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repeat customers

How to Create Repeat Customers as a Fashion Brand

On the move? You can now listen to Factory45 blog posts on audio! Just plug in your headphones and click play…

My husband tells me I turn everything into “a festival.”

This is his loving way of saying I turn everything into a production.

Take our Christmas tree, for example.

We couldn’t just decorate the tree on a random Sunday. There had to be holiday music playing, a fire burning, mugs of hot chocolate, candles lit and just the perfect amount of cozy lighting.

Believe me, I’m eye rolling at myself.

And I’ll admit, whether it’s Thanksgiving or a picnic in the park, my one and only goal is to turn that event into an experience.

I’m sure there are times when my husband wants to tranquilize me, but there is an upside to the madness.

Especially when it comes to running a business.

Even more, when it comes to running a fashion brand.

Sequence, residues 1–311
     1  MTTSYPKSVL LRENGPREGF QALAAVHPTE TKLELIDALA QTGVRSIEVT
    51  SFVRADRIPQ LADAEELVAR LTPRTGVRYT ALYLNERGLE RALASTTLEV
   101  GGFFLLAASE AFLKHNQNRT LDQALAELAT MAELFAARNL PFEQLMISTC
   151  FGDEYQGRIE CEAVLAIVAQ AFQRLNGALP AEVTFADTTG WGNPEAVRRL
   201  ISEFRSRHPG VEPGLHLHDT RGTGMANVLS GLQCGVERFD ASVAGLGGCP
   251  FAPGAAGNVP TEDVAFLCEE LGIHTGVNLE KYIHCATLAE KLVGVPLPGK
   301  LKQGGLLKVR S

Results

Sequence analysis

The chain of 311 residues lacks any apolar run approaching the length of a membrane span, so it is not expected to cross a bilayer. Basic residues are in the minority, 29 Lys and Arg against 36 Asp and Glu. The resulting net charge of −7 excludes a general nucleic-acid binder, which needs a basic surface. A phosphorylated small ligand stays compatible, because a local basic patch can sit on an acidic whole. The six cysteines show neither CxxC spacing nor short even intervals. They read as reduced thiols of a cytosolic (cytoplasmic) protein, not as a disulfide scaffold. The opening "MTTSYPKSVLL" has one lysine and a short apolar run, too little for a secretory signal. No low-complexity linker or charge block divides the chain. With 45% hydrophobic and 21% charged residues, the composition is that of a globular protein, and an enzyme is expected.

When so much of online sales is dependent upon repeat business and accumulating a loyal following of ongoing customers, you are required to provide an experience for them.

The process of shopping on your website, receiving a “thank you” email after the purchase, getting your product in the mail…

All of that accounts for the unique experience that you’re providing for your customer.

And it’s when you make it memorable, easy, fun, enjoyable or some other positive adjective that sets you apart from other brands selling a similar product.

It’s what turns one purchase into a future purchase.

So, this holiday season, when your sales are at an all-time high for the year, what experience can you create for your shoppers?

Can you build a custom email series that introduces them to other products on your site?

Can you include a handwritten ‘thank you’ in their package?

Can you send a free small gift that will surprise them?

Can you make the online shopping experience so seamless that the purchase is a no-brainer?

What can you do that will transform just another e-commerce transaction into something special?

 

factory45 owner shannon

 


Market45

email list

5 Ways to Get More Engagement from Your Email List